Browne & Finkelhor (1986) did an extensive review of earlier research on the impact of sexual abuse. Initial effects of abuse that were noted included fear, anger, hostility, guilt, shame, sleep disturbances, eating disorders and an array of sexualized behavior from genital manipulation to pregnancy, 'mummy/daddy' and nurses/doctors' related themes in their play. Sexually inappropriate behaviors are related to early onset of sexual abuse (McClellan et al, 1996). Later effects included depression, anxiety, negative self-concepts, interpersonal problems, a tendency towards re-victimization and self-destructive behaviors.

In a study comparing the parent reports of definitely abused, alleged abuse, and non-abused prepubescent females using Structured Interview for Signs Associated with Sexual Abuse, researchers found significant differences between the three groups (Wells et al 1995). The symptoms that did not seem to be related to abuse included nightmares, crying easily, fears of being left alone, bedwetting, headaches, and stomach aches. The symptoms that were significantly different between the girls who were definitely sexually abused and those who were allegedly abused were difficulty getting to sleep, noticeable changes in behavior, fear of being left with a particular person, fear of males, becoming withdrawn, unusual interest or curiosity about sexual matters. It was concluded by the researchers that a parent report can be useful as part of the assessment, regarding the likelihood of sexual abuse.

The effects of CSA can have their ramifications into adulthood as well. Even in adults, varied emotional and psychological reactions occur. Low self esteem, sense of helplessness and self-hatred and disturbed interpersonal relationship in form of marital discord and divorce are seen. Psychiatric illnesses like depression, anxiety, suicidal tendencies, hysterical reactions, sexual problems and borderline personality disorder have been reported in adults with sexual abuse in their childhood (Cotgrove & Kolvin, 1996). The behavioral consequences of sexual abuse are affected by the child's age, development, physical acts performed, threats and bribes, fear of retribution, fear of culpability, chronicity of acts, child's resilience and relationship to the perpetrator (Haj-Yahi & Tamish, 2001; Macfie et al 2001;Molnar et al 2001;Hanson et al 2001) and effective treatment.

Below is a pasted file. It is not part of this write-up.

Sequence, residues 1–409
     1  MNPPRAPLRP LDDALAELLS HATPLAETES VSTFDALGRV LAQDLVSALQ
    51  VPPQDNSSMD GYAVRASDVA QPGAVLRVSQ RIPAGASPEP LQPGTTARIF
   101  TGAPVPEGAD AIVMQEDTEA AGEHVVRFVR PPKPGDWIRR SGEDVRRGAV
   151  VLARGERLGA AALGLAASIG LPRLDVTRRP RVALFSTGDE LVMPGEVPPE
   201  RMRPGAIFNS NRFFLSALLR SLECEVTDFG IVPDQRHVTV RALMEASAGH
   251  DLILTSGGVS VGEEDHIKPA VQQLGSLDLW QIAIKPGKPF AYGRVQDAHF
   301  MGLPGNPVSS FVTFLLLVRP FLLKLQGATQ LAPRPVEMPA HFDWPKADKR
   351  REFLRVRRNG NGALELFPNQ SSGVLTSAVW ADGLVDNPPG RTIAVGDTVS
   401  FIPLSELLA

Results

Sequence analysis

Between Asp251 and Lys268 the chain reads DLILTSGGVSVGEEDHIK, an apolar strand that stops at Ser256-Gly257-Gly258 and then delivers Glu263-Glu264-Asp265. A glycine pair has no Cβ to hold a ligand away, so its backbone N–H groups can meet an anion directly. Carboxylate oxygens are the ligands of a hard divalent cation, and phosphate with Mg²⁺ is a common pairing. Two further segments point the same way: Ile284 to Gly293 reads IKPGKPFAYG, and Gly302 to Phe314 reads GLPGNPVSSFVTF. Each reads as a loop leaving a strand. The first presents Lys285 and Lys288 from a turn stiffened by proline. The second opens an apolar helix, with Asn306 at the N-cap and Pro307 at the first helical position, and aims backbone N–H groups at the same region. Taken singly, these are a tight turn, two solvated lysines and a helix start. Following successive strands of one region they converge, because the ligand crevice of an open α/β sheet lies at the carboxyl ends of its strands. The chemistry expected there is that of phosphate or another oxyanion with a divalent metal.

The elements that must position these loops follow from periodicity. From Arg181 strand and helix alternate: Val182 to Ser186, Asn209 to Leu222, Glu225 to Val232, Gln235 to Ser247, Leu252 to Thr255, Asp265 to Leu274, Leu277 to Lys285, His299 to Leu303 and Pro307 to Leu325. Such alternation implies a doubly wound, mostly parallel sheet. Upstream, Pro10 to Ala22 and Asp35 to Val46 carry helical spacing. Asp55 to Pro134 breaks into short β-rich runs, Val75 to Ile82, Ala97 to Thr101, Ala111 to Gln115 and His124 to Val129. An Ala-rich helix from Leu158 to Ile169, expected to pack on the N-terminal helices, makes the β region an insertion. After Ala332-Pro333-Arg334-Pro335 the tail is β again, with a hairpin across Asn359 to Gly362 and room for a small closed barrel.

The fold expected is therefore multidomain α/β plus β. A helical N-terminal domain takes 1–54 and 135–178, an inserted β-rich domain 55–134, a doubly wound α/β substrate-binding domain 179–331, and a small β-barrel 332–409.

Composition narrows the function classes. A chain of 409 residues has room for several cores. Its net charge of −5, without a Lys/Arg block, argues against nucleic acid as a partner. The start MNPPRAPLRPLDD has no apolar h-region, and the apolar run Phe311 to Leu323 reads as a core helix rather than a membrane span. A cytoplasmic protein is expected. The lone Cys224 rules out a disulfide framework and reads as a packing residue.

PHYSICAL CONSEQUENCES OF CSA

HIV and other sexually transmitted diseases are seen in children CSA that can have its own ramifications in adulthood. CSA may lead to unwanted pregnancies and rarely genital injuries (Willis & Levy, 2002). However, even in documented cases of CSA, only 50% of cases show physical findings (Muram, 1989). A careful or experienced perpetrator is unlikely to perform an act that will result in his or her detection. Intense and persistent pain, obvious tissue injury, or bleeding can lead to immediate suspicion or detection unless the perpetrator is able to keep the trauma from being discovered. A child who is injured may be kept away from pre-school or school or other adult caretakers until heating occurs. Some types of abuse, such as exhibitionism, voyeurism, viewing or creating pornography, touching and licking may not result in physical findings. Reddening of the skin caused by rubbing will resolve in minutes to hours unless the skin is excoriated. Minor scratches may not be detectable (Johnson, 2004). Persistent lack of knowledge that physicians have shown about normal and abnormal female genitalia is of great concern.